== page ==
Emergency Communications When TSHTF

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As I learned from working in the areas ravaged by Hurricanes Katrina, Rita, Gustav, and several others, cell phones and land-line telephones are basically useless.  It became obvious very quickly that I could not call home from most areas due to the telephone lines and cell towers being “down” or busy.  Fortunately, I was prepared by having a 2-meter, a 10-meter (both now replaced with a HF/VHF/UHF all band radio), a Citizens Band (CB) radio, and a Uniden Bearcat Scanner which all were mounted in my truck!  The scanner allowed me to hear law enforcement and other agencies that were responding to and working the disaster.

The 2-Meter radio allowed me to contact local authorities and also to monitor rescue and recovery efforts and to plan which routes and areas to work in due to massive damage and debris everywhere.  The CB allowed me to contact truckers and their fantastic network of highway/roadway information! With the 10-Meter radio I was able to make contacts that could get in touch with my family which were several hundred miles away and safely at home!

I use frequencies from five (5) different areas of the radio spectrum to aid in my travels, for safety, obtaining information, and in communication with others.  The areas were:  NOAA Weather Radio, CB (both AM and SSB), FRS/GMRS, VHF Maritime, and most importantly Amateur Radio (Ham Radio).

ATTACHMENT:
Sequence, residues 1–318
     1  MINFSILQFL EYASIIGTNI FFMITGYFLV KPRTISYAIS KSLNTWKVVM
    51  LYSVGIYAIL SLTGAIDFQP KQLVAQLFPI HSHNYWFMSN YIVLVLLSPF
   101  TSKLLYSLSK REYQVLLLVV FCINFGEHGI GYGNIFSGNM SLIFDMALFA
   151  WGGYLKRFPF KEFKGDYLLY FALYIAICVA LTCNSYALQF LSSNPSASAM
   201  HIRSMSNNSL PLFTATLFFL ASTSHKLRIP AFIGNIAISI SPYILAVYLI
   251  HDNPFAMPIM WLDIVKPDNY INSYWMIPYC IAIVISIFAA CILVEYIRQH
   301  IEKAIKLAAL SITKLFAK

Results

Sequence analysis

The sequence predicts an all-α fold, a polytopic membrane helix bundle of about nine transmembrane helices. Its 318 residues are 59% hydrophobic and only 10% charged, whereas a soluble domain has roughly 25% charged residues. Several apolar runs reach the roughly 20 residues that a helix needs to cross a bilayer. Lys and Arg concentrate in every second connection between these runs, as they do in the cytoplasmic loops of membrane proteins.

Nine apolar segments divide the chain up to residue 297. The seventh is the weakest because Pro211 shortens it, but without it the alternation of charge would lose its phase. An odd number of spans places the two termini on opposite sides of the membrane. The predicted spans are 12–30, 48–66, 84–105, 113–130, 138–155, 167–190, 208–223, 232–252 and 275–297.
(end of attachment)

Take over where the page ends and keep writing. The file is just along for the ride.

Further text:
You do not need a license to monitor or listen to any of the frequencies provided in this article. However, you will need a license to talk on some of the frequencies listed.  I will start with “free-talk” frequencies or the ones where no license is needed.

NOAA Weather Radio

NOAA RadioNOAA broadcasts are tailored to specific areas and give specific information to fit the needs of people in the listening area of each NOAA transmitter.  There are currently over 425 transmitters in the United States, Puerto Rico, the US Virgin Islands, Guam, and Saipan.  Canada has its own weather alert system and can be researched on the Internet.  Each transmitter covers a range of approximately 40 miles from the transmitter site.  Currently over 80% of the country is covered by NOAA broadcasts.  This 80% encompasses up to 95 % of the population!